For Black History Month, ET is honoring legends through the eyes of legends in the making.

There’s one person Kylie Jefferson credits for helping shape her into the woman she is today: legendary dancer, choreographer and producer Debbie Allen. At just six years old, Jefferson — who made her onscreen debut in Netflix’s ballet drama Tiny Pretty Things and is a featured dancer in Dance Dreams: Hot Chocolate Nutcracker — was the youngest student to be accepted into the famed Debbie Allen Dance Academy in Los Angeles, where she trained under the tutelage and mentorship of Allen as a young, aspiring ballet dancer. The years of blood, sweat and tears, with Allen’s support and guidance, was key in Jefferson’s growth as a Black woman looking to make her mark.

“I don’t know anyone who works harder than her. Learning from her, she’s going to require that of me,” the 26-year-old dancer told ET. “You have a second mom with her. Once you become a part of her family, she never lets you go. So me being a part of her world since I was six years old, I remember being around that age and just being a child in between rehearsals or classes doing little kid stuff. I would randomly hear her come into the room, like, ‘Where’s Kylie Jefferson?’ I’m like, ‘What’s this woman want with me?’ because I’m seven years old, not really knowing who she is and what she means to the world. But as I get older and the more I learn from her, it makes me a lot more appreciative of my journey and the fact that I’ve had such close guidance with someone that actually cares to be a part of it.”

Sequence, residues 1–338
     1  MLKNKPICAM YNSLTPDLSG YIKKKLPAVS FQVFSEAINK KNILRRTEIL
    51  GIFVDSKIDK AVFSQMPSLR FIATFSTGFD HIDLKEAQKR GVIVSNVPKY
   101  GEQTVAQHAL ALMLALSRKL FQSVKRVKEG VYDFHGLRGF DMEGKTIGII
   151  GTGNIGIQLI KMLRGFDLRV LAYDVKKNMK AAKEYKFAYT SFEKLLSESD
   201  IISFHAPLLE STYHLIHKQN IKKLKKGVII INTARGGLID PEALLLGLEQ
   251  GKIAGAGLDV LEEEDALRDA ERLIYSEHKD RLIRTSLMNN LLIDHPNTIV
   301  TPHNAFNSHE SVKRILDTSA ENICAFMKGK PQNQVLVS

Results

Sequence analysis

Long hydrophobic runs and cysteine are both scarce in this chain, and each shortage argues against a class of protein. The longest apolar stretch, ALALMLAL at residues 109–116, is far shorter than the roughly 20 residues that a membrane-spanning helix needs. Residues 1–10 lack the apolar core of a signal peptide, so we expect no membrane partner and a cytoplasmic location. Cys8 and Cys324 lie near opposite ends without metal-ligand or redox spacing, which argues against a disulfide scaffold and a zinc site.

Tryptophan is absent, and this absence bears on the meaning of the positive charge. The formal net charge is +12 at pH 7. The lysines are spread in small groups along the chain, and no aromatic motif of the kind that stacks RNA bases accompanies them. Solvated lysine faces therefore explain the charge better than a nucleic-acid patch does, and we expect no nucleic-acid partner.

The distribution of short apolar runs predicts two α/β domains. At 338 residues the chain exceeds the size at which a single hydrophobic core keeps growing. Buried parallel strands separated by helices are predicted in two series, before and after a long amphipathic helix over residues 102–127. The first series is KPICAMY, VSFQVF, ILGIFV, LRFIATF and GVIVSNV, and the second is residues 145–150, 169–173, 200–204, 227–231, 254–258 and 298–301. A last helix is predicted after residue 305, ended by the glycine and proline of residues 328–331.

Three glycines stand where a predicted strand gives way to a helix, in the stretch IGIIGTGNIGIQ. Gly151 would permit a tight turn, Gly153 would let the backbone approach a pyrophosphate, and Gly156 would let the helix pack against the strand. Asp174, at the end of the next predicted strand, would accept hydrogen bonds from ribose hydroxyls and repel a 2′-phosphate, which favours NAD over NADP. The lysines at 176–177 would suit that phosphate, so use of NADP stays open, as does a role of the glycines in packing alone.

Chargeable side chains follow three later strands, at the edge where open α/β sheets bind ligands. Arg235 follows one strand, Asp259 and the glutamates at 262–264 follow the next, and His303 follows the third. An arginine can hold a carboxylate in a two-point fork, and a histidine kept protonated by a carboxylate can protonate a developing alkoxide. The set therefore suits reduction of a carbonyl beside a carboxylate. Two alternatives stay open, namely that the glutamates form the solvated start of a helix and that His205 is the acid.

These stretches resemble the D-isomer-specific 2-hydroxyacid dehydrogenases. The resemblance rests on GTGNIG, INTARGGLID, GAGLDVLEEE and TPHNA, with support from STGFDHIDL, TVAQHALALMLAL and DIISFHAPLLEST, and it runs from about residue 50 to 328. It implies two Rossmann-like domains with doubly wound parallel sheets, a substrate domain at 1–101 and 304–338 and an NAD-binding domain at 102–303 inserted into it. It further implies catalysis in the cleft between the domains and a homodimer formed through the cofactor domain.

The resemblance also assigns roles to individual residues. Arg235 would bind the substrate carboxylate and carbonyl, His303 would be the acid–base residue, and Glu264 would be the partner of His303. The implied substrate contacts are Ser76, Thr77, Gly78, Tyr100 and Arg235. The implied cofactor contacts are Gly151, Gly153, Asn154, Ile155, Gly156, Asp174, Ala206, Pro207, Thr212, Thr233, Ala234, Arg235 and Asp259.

It wasn’t until Jefferson was a teenager, around 16 or 17 she says, when it clicked that Allen was a living legend. “She started telling me she knew Snoop Dogg and Chris Brown and Usher, when I started to realize that she really knew those people and she was a part of their world.” It was around that time the ballerina started piecing together the impact Allen has had on Hollywood as a whole, recalling a trip to New York City they had taken when she was eight years old. “We were in traffic, of course, and she looked out the window. She’s like, ‘Is that Usher?’ We’re in a whole different car. She has them pull over and we’re talking to Usher on the side of the street in New York City!” Jefferson reminisced. “This is a random life [moment] for her. I really started to connect those kinds of memories. I was like, ‘Yeah, she is the GOAT.'”

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